1) Roger Federer’s Bandana – Have you ever been out in public and seen a guy walking around with a sash on his head? Unless you’re in the Village, you probably thought to yourself “What in the world was that guy thinking before he left the house?” Well, when you have 15 career grand slam victories, the most in tennis history, you can pretty much wear whatever you want. Roger wears the bandana and wears it well. Women want him, men want to be him. Let me get this straight. The guy’s a model AND the best tennis player in history? My tennis game is a model of how not to be played. How is this fair? Federer could probably make an eye patch look fashionable if he tried.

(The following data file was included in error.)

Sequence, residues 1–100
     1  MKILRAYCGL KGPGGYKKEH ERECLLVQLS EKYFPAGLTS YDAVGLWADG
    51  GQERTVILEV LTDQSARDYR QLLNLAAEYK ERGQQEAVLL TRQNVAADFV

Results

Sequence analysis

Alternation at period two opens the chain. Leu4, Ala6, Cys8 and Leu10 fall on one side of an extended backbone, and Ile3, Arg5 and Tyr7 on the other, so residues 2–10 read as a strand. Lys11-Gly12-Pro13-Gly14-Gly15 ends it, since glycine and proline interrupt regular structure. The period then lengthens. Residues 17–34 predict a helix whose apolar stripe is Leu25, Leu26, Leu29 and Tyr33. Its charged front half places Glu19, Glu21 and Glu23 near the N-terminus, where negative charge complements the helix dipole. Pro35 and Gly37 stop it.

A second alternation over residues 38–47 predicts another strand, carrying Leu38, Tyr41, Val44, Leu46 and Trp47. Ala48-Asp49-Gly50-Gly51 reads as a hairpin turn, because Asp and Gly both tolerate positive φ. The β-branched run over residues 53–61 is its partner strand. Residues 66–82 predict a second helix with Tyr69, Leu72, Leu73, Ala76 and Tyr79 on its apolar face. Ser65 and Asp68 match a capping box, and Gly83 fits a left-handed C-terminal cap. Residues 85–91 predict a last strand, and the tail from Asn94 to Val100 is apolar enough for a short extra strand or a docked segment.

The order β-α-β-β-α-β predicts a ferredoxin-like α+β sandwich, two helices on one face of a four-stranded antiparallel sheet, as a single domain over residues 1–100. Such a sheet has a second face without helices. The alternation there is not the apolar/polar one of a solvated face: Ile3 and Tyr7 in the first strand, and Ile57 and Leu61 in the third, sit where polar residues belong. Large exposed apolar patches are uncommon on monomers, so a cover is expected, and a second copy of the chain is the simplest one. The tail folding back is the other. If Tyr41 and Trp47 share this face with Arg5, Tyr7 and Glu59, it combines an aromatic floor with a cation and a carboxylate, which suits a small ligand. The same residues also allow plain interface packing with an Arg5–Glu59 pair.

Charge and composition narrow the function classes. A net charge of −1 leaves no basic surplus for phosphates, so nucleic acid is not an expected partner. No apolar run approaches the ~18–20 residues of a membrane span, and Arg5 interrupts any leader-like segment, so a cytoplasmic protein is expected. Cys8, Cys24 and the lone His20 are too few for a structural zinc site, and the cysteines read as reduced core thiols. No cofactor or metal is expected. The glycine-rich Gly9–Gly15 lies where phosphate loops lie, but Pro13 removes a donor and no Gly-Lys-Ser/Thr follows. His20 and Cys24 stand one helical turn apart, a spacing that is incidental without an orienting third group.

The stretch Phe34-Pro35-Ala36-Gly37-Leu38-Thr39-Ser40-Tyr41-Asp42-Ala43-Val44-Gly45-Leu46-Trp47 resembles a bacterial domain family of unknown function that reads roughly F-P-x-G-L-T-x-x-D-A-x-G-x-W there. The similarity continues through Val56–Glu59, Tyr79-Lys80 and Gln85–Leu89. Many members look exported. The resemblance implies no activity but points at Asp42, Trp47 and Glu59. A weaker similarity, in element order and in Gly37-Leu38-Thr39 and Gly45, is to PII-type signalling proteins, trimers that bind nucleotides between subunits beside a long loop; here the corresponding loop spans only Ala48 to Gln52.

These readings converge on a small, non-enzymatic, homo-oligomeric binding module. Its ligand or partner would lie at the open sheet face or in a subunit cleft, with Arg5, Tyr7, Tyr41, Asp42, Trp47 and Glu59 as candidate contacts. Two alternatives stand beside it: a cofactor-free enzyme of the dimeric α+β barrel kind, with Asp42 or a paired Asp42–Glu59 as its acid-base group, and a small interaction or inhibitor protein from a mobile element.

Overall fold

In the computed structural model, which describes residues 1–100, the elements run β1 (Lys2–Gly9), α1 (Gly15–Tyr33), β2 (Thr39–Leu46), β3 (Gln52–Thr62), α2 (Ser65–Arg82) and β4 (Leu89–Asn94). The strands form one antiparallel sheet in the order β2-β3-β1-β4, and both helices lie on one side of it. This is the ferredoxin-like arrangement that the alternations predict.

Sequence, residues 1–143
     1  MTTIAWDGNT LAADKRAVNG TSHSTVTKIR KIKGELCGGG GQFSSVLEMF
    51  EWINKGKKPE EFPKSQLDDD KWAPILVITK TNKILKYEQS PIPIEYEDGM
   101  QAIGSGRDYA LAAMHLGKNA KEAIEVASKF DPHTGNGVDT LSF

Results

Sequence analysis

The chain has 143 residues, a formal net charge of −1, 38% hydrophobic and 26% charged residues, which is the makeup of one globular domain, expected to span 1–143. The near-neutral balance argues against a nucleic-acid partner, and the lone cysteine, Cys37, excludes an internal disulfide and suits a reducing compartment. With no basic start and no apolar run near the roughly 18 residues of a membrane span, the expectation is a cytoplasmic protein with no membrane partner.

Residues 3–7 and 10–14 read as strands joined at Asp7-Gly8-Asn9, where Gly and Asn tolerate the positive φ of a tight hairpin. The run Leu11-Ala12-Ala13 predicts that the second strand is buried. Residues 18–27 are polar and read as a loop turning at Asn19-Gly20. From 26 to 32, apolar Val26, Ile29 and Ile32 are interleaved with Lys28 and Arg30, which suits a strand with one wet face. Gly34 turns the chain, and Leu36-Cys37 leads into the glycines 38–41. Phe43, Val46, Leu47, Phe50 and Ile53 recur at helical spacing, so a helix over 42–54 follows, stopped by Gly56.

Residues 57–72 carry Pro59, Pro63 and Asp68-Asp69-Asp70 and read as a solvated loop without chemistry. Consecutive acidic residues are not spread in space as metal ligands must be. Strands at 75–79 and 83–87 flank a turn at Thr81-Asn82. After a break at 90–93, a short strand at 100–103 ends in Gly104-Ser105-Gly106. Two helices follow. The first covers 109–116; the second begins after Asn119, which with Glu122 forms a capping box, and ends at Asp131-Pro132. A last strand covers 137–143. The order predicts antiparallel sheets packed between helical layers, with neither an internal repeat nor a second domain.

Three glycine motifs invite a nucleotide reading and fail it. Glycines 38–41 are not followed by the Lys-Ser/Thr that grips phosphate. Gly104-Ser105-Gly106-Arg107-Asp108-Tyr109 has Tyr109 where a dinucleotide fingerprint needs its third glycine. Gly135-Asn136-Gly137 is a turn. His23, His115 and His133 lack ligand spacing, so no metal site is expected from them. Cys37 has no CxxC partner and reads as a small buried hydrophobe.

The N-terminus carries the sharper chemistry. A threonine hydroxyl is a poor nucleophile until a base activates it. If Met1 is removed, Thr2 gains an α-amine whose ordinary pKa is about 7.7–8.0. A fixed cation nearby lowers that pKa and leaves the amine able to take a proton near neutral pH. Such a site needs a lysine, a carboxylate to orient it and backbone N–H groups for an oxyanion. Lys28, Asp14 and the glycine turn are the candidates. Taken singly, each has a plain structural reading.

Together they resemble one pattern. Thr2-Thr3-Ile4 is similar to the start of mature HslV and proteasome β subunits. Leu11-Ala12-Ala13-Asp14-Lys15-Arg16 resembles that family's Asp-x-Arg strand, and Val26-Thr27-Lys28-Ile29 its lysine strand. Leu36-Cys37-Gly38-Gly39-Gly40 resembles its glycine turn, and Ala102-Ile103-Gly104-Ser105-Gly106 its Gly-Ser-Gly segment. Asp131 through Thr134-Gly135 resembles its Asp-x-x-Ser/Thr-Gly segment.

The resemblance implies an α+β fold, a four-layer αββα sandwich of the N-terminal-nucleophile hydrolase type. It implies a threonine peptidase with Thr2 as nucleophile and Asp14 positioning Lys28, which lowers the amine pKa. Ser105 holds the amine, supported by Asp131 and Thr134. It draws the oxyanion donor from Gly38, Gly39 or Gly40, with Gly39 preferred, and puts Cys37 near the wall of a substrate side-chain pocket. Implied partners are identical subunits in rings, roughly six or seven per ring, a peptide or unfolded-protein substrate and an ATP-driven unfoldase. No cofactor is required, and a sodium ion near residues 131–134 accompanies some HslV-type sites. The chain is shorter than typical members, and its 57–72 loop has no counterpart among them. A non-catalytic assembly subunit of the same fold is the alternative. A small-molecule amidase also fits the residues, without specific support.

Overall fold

Legendary Honorable Mention: Jim Brown’s multi-colored skull cap , Payne Stewart tam o’shanter, James Worthy & Kareem Abdul-Jabbar’s goggles, Bear Bryant &Tom Landry’s fedoras, Terry Bradshaw’s toupee.